Brands and countries


For years, expressions like “soft as silk” and “rough as sandpaper” have been used to describe how materials or objects feel. But it is not that simple. What one person may find soft may not be the same for the next person. 

Softness is subjective and factors such as personal preferences, perceptions, and even cultural and regional beliefs can shape an opinion on what is pleasing to the touch. For example, Asian populations tend to associate silky with soft. In the Americas, a cotton-like texture is related to softness. These are key things to consider as softness in disposable hygiene products becomes of increasing importance.


What impacts softness in disposable hygiene products?

Several things impact softness in the product. As a first impression, there is the visual appearance, patterns, thickness, and even the sound of the product. All of these things influence a consumer’s perception. These main factors have led manufacturers to focus more on raw materials and manufacturing processes for creating softness, and also on methodologies for measuring softness



The raw materials used to create nonwoven fabrics--polymer fibres made from synthetic or natural polymers--significantly contribute to the overall feeling of softness. Polymer fibres that have a smaller diameter produce a greater feeling of softness. In some cases bicomponent fibres, such as those that have a core/sheath structure, can also help increase softness. 

The shape of the polymer fibres, such as round, trilobal, or irregular, has a visual effect on how the consumer interprets the softness of the product. The use of surface treatments on the polymer fibres, or topical treatments such as lotions and aloe on the nonwoven fabric, can also increase softness. It is important to note, however, that these treatments can decrease bonding performance, which makes choosing the right adhesive critical.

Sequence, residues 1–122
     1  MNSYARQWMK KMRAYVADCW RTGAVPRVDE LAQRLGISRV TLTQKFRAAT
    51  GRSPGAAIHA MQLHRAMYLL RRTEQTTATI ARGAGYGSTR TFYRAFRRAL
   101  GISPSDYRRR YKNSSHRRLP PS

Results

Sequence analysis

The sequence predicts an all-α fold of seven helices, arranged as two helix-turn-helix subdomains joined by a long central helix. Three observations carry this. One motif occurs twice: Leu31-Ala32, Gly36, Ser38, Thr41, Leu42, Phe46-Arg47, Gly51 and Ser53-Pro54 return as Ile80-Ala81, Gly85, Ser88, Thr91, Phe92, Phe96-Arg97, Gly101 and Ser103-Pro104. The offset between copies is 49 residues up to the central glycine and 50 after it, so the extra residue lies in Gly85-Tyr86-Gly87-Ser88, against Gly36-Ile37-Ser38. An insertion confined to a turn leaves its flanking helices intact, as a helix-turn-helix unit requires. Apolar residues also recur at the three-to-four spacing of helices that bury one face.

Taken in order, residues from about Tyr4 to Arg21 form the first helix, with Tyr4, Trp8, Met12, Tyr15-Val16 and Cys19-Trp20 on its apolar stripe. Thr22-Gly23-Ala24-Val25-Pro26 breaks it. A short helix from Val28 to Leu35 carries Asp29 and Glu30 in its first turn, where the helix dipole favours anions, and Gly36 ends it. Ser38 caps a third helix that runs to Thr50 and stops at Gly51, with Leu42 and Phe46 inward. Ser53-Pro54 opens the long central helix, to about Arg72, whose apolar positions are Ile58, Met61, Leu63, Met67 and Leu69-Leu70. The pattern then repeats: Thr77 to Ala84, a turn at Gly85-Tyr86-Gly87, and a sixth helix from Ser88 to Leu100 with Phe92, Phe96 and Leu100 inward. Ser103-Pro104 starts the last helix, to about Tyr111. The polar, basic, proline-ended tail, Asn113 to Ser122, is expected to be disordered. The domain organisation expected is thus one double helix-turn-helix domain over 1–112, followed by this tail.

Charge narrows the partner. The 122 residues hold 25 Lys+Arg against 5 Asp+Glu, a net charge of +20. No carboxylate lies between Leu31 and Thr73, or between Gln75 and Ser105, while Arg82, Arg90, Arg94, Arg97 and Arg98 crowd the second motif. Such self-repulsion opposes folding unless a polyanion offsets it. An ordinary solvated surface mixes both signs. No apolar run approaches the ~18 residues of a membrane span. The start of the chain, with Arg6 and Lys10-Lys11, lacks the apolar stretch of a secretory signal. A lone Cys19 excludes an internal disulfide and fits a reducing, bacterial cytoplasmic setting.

To ensure the disposable hygiene products feel like cotton and not like plastic, there is a specific way the polymer fibres are processed to create the nonwoven fabric. This is a two-step process: first the fibres are laid to a mat, and then they are bonded together. The laying process of the fibres can be done in three ways: spunlaid, drylaid and wetlaid

Once the fibres are laid into a mat, they are bonded through chemical bonding, thermal bonding or mechanical bonding. For disposable hygiene, the main process is the combination of spunlaid and thermal bonding, which leads to relatively soft, cost-effective products.



To create a soft, clothlike backsheet film for an absorbent article, a soft nonwoven fabric as described above and a breathable yet watertight film must be combined. There are two types of films typically used today in disposable hygiene: blown films, which are common in diapers produced in the United States, and cast films, which are widely used in diapers produced in Europe. 

As mentioned above, the film and the nonwoven fabric need to be combined. Adhesive lamination is a commonly used bonding method to produce backsheet films. Alternative bonding methods are extrusion coating and thermal bonding.

Breathability of the film is a key factor in increasing comfort for the product wearer. This also contributes to the overall perception of softness.


Adhesives help support softness in disposable hygiene products

Adhesives play an important role in supporting softness. As consumers across the globe seek improved softness in disposable hygiene products, Bostik is providing smart adhesive solutions to meet the needs of both users and manufacturers in two main ways:

For example, a diaper topsheet is the first layer that touches a person’s skin. It can be used to carry additives such as lotion or aloe to the skin and it has an impact on how the consumer perceives softness. The adhesive used in the product ensures a reliable bond between the topsheet and other components of the core. This helps prevent absorbent core shifting that could have a negative effect on absorbency, comfort and core integrity

Through innovation and collaboration, Bostik can help manufacturers efficiently and effectively test soft substrates to learn how original softness can be maintained or improved through the bonding process. Full-service testing capabilities on our state-of-the-art coaters saves on downtime and eliminates the hassle of requiring manufacturers to test on their own lines. Using our experience and technical knowledge can also help speed up the material qualification process.

Discover More about Softness in Disposable Hygiene

Achieving Softness

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Softness Terminology

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Nonwoven Manufacturing and Softness

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Comfort and Quality with Soft Nonwovens

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Backsheet Films: Contributing to Overall Softness

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